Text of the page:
Permanence of a Discrete Model of Mutualism with Infinite Deviating Arguments
We propose a discrete model of mutualism with infinite deviating arguments, that is . By some Lemmas, sufficient conditions are obtained for the permanence of the system.
Chen and You  studied the following two species integro-differential model of mutualism:
where , and are continuous functions bounded above and below by positive constants: and Using the differential inequality theory, they obtained a set of sufficient conditions to ensure the permanence of system (1.1). For more background and biological adjustments of system(1.1), one could refer to [1–4] and the references cited therein.
However, many authors [5–12] have argued that the discrete time models governed by difference equations are more appropriate than the continuous ones when the populations have nonoverlapping generations. Also, since discrete time models can also provide efficient computational models of continuous models for numerical simulations, it is reasonable to study discrete time models governed by difference equations. Another permanence is one of the most important topics on the study of population dynamics. One of the most interesting questions in mathematical biology concerns the survival of species in ecological models. It is reasonable to ask for conditions under which the system is permanent.
Motivated by the above question, we consider the permanence of the following discrete model of mutualism with infinite deviating arguments:
where is the density of mutualism species at the th generation. For , and are bounded nonnegative sequences such that
Here, for any bounded sequence ,
Let we consider (1.2) together with the following initial condition:
The aim of this paper is, by applying the comparison theorem of difference equation and some lemmas, to obtain a set of sufficient conditions which guarantee the permanence of system (1.2).
In this section, we establish permanence results for system (1.2).
Lemma. Let . For any fixed is a non-decreasing function with respect to , and for , following inequalities hold: If , then for all .
Now let us consider the following single species discrete model:
where and are strictly positive sequences of real numbers defined for and . Similar to the proof of Propositions and in , we can obtain the following.
Lemma. Any solution of system (2.1) with initial condition satisfies where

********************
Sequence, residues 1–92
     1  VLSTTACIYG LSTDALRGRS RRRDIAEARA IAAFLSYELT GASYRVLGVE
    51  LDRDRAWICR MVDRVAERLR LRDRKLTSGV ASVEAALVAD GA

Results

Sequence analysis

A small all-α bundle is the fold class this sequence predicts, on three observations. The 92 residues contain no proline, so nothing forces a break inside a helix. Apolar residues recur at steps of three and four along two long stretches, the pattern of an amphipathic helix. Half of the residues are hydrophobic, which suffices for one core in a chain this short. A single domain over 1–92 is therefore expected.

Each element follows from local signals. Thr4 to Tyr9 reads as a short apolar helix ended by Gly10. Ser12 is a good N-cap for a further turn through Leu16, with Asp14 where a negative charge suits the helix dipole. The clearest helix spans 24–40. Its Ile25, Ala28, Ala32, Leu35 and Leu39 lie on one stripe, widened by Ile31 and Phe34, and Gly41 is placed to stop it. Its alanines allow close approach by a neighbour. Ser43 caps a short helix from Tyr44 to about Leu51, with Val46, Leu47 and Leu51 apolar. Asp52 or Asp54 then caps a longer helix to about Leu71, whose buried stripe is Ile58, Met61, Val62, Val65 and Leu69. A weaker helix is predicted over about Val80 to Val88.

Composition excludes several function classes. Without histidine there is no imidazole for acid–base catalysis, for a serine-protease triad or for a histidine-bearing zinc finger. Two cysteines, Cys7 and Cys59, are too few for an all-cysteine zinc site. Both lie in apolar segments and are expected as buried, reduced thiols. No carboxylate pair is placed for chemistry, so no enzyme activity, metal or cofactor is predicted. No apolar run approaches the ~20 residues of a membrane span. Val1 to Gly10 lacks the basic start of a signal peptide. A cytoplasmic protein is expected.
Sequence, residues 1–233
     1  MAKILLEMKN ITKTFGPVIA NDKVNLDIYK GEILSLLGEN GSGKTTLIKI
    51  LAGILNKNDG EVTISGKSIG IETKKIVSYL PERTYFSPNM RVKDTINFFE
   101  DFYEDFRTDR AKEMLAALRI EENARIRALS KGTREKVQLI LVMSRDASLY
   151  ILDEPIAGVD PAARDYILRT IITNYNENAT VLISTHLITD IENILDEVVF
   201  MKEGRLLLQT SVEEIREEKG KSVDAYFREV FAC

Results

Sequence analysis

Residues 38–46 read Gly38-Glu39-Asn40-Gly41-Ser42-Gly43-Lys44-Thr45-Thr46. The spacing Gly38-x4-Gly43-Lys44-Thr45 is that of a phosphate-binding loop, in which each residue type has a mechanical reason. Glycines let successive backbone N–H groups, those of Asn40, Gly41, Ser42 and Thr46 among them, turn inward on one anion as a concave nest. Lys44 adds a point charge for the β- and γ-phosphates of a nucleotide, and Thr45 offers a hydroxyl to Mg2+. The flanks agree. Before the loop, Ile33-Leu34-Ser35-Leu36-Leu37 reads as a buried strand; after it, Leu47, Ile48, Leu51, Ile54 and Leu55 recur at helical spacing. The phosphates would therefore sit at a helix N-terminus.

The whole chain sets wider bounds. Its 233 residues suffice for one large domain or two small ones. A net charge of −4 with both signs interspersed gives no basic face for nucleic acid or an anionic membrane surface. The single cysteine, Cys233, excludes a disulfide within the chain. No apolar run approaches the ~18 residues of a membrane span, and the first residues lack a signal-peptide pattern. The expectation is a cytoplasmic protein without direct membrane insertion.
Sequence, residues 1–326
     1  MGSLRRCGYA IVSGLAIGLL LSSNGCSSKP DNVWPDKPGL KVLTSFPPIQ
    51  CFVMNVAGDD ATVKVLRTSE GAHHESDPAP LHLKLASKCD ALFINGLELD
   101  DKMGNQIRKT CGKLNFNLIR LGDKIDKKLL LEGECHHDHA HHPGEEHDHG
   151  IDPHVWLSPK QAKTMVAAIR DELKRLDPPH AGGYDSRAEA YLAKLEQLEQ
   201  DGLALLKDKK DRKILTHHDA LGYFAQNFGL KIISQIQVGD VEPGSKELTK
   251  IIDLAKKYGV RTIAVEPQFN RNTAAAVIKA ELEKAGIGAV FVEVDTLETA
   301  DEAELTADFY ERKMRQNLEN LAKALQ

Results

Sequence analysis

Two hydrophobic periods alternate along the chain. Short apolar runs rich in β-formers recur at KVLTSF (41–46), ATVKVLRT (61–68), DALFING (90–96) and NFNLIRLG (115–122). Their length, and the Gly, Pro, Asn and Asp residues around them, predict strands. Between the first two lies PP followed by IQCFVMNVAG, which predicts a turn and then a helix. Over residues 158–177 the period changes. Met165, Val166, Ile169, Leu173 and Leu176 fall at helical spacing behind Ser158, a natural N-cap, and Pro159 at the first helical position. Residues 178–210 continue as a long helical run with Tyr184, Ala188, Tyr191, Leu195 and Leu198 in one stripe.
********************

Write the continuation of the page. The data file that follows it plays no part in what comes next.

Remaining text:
Lemma 2.3 (see ). Let and be nonnegative sequences defined on , and is a constant. If then
Lemma 2.4 (see ). Let be a nonnegative bounded sequences, and let be a nonnegative sequence such that . Then
Proposition. Let be any positive solution of system (1.2), then where
Proof. Let be any positive solution of system (1.2), then from the first equation of system (1.2) we have Let , then where When is nonnegative sequence, by applying Lemma 2.3, it immediately follows that When is negative sequence, (2.12) also holds. From (2.12), we have By using the second equation of system (1.2), similar to the above analysis, we can obtain This completes the proof of Proposition 2.5.
Now we are in the position of stating the permanence of system (1.2).
Theorem. Under the assumption(1.3), system (1.2) is permanent, that is, there exist positive constants which are independent of the solutions of system (1.2) such that, for any positive solution of system(1.2) with initial condition (1.4), one has
Proof. By applying Proposition 2.5, we see that to end the proof of Theorem 2.6 it is enough to show that under the conditions of Theorem 2.6 From Proposition 2.5, For all , there exists a For all , According to Lemma 2.4, from (2.13) and (2.14) we have For above , according to (2.18), there exists a positive integer , such that, for all , Thus, for all , from the first equation of system(1.2), it follows that It follows that, for , Hence In other words, From the first equation of system (1.2) and (2.23), for all , it follows that By applying Lemmas 2.1 and 2.2 to (2.24), it immediately follows that Setting , it follows that Similar to the above analysis, from the second equation of system (1.2), we have that This completes the proof of Theorem 2.6.
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